“I’ve taken online courses before but taking an entire program online felt new. It gave me the flexibility to do things at my pace. That was important because I was a TA at the time and I wanted to continue with my other interests.”
“I also knew that I’d be learning from faculty, some of whom I had during my undergrad, who always went the extra distance to help students and were passionate about teaching and molding the next generation.”
Henry sees a bright road ahead for his career — one that could lead to becoming an epidemiologist or research analyst. He’s considering a PhD in data sciences or health informatics. That’s a few years off though. For now, he’s already landed what he calls “a dream job” that revolves around his interests in the data and research elements of public health.
“I always want to go the extra mile to become better than average,” he says. “My biggest fear is complacency. I believe in taking the routes that will be the best for me. Anyone can do the easy things in life. I’m better because of the MPH program. It’s prepared me with the kind of academic knowledge and practical skills to succeed at whatever path I decide to take.”
Master of Public Health Student
“First and foremost, I’m interested in the local delivery of rehabilitation services across Niagara,” Yulia says. “During my career I’ve seen a dramatic change in service delivery. Looking to my future in public health, I’d like to contribute in policy writing that will help to address issues that enhance access of rehab services.”
MPH student Yulia Sternin comes from a long line of health-care professionals.
In fact, as a physiotherapist for more than 20 years, Yulia has followed in the footsteps of four generations of her family who worked in various health-care fields.
She has an expansive physiotherapy background in a variety of Niagara-based settings that include hospitals, private clinics, rehab centres and long-term care facilities. That experience came together in 2016 when she established her own company, YES Rehab Services. She operates a physiotherapy clinic in St. Catharines and also contracts a team of physiotherapists, occupational therapists and kinesiologists to serve clients living at home or in long-term care facilities from Fort Erie to Burlington.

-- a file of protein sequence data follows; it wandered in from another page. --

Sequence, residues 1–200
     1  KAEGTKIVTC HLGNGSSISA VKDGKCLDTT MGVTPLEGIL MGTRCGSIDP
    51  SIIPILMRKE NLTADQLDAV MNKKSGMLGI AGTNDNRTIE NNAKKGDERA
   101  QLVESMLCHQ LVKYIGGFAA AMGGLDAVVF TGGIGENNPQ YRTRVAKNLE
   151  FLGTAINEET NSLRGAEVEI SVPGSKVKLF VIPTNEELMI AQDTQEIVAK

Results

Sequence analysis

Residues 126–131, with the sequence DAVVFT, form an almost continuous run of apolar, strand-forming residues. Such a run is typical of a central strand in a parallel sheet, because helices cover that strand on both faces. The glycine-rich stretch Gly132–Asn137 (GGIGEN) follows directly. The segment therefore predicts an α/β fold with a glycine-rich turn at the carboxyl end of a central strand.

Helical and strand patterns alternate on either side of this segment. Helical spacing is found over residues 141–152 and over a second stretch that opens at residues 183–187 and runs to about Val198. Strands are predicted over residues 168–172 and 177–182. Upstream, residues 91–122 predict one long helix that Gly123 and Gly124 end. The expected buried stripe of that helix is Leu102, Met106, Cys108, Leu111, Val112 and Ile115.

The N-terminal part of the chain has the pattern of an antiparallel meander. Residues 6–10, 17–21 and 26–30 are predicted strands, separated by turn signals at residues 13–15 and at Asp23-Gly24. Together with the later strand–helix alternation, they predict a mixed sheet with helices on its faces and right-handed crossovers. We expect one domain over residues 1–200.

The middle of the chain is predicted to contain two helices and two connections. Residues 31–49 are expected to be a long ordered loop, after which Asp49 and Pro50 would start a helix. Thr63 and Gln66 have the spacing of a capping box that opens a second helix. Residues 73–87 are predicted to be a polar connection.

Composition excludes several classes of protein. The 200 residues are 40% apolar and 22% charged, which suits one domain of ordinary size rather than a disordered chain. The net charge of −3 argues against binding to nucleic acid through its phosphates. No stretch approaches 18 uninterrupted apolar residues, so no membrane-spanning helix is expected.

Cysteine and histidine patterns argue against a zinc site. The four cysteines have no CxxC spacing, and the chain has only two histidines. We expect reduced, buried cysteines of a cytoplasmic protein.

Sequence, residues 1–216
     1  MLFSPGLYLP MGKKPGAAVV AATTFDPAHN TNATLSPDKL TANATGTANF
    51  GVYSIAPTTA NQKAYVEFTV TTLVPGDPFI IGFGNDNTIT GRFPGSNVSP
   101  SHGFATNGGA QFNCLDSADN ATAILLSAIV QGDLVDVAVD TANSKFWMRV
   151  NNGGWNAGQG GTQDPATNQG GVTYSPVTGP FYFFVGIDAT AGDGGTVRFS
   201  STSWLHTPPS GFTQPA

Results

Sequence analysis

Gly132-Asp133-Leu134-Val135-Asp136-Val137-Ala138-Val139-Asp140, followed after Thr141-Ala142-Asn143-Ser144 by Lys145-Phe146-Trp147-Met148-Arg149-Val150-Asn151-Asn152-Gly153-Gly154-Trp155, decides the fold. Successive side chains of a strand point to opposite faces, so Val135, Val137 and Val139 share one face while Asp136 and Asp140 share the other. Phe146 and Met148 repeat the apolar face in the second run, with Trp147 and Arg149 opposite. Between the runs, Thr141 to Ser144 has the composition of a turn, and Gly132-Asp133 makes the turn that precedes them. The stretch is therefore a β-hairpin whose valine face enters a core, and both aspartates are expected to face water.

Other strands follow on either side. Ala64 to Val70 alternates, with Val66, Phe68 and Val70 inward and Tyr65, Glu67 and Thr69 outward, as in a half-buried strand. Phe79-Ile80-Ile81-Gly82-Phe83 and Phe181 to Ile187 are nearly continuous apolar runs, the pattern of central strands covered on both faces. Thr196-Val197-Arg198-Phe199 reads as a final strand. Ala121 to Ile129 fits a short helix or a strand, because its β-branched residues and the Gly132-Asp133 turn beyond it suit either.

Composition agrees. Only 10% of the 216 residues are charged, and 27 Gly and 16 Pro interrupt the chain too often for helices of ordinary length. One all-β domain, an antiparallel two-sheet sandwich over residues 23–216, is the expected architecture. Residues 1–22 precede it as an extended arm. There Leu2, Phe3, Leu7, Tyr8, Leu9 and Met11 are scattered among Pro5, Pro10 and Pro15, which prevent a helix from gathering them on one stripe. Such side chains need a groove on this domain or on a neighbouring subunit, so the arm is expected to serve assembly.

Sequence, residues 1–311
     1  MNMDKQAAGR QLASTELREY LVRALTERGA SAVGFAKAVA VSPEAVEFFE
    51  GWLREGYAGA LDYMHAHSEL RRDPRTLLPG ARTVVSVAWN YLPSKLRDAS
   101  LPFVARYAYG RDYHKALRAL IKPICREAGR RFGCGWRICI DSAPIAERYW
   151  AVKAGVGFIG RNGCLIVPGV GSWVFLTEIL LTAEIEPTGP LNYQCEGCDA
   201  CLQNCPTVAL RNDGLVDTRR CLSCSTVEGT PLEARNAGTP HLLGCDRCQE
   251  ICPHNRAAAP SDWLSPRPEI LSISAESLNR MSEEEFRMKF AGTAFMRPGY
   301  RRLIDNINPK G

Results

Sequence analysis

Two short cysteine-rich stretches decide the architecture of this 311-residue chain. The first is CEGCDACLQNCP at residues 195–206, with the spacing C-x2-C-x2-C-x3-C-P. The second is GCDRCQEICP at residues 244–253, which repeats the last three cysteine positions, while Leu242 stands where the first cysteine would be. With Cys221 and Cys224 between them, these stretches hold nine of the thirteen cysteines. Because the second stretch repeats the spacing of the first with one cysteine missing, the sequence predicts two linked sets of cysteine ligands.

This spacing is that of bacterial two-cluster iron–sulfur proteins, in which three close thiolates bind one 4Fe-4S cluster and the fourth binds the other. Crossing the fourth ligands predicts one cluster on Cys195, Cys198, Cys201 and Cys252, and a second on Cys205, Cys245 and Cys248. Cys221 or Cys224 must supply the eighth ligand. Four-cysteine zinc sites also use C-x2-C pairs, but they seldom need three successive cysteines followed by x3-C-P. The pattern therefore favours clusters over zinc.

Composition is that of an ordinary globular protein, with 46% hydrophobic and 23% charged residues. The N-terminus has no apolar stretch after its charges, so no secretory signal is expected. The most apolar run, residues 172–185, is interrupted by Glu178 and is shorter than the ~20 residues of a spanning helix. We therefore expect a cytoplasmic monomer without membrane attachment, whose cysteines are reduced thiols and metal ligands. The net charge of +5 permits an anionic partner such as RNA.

“Every new client, every new issue is a puzzle,” she says. “The biggest reward for me is to be able to solve the puzzle. What I love the most is being part of a multidisciplinary team of professionals who are striving to provide the best solutions for people who need our help.”
Yulia is in the early days of her part-time studies that began in September 2018. The online format fits her needs as she juggles a busy life of studies, work and being a mother of three children.
Her first year of course work has gone well. She describes it as both exciting and humbling to return to university studies almost two decades since completing an honours biochemistry degree at Brock followed by a physiotherapy degree at McMaster University.
“The flexibility of studying online is paramount for me right now,” she says “It’s challenging but the best thing is that the faculty are here to help you overcome those challenges. When I asked for some help, I was quickly put in touch with a TA who has been amazing.”
Yulia is soaking in new concepts, new material and new ways of thinking. She’s looking forward to making connections, during her ongoing course work, with the broad MPH community of students who come from everywhere and can share diverse public health experiences and perspectives.